Read more: Election results leave Labour supporters angry and dismayed
Read more: From bankrupt to laughing stock as council count continues

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This entry was posted in 2022 council elections, 2022 Croydon Mayor election, Robert Ward, Selsdon and Addington Village and tagged , , , , , , . Bookmark the permalink.

3 Responses to Town Hall election reflections from a backbench councillor

  1. Lewis White says:

    Excellent article from Robert Ward here.

    He mentions the need for councillors to up their game.

    I am wondering if councillors serving on the planning committee receive any training, such as 1 day short courses on design of housing, good urban design (and bad desin!) and related topics like trees and tree preservation– to enable them to have greater knowledge of Planning and Design?

    While a litle knowledge can be a dangerours thing, having more knowledge must be good, so well-planed and targetted training must be .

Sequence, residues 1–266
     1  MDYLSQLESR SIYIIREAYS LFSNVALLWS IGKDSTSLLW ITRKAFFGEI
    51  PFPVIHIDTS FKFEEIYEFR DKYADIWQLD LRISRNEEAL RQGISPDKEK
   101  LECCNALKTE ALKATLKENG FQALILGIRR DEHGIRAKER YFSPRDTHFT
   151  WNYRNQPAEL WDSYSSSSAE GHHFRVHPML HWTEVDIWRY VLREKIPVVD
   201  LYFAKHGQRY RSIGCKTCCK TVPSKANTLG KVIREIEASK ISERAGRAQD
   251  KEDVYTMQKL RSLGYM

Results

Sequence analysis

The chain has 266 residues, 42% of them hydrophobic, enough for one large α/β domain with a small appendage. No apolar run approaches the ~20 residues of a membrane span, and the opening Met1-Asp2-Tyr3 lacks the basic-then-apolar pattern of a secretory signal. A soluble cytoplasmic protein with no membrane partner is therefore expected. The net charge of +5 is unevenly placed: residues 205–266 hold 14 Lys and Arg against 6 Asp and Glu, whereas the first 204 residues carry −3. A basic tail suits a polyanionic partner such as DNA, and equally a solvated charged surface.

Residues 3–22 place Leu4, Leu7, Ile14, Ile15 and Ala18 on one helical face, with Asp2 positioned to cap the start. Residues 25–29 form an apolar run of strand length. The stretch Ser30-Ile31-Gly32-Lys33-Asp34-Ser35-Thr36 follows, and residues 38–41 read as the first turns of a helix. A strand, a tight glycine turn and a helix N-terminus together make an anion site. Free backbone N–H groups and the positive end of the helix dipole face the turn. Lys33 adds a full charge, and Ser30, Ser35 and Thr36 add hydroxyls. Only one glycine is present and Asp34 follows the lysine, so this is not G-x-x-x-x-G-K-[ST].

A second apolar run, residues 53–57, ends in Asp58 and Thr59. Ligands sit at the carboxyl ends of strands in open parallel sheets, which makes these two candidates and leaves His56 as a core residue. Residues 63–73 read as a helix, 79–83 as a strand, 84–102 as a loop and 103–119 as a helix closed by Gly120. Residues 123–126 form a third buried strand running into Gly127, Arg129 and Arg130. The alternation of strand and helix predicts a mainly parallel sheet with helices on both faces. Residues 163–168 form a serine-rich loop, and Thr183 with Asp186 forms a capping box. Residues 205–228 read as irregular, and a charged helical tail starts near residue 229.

Likewise, Councillors involved in any specific area, such as waste mangement or children’s servises, or highways, or old people’s services. .

    Alongside this, why not send all councillors on a basic course about what makes for a better environment — and why parks and green open spaces are vital. And incineration might be replaced by something better for the locals who breathe air from a certain place just over the Sutton border.

    Another essential thing to do would be the “Help Centre challenge” where every councillor would step into the public’s shoes, by setting them a problem to resolve, and then the challenge of “getting through” to the help centre by phone, and then the next challenge of actually speaking with the department they wanted to talk to.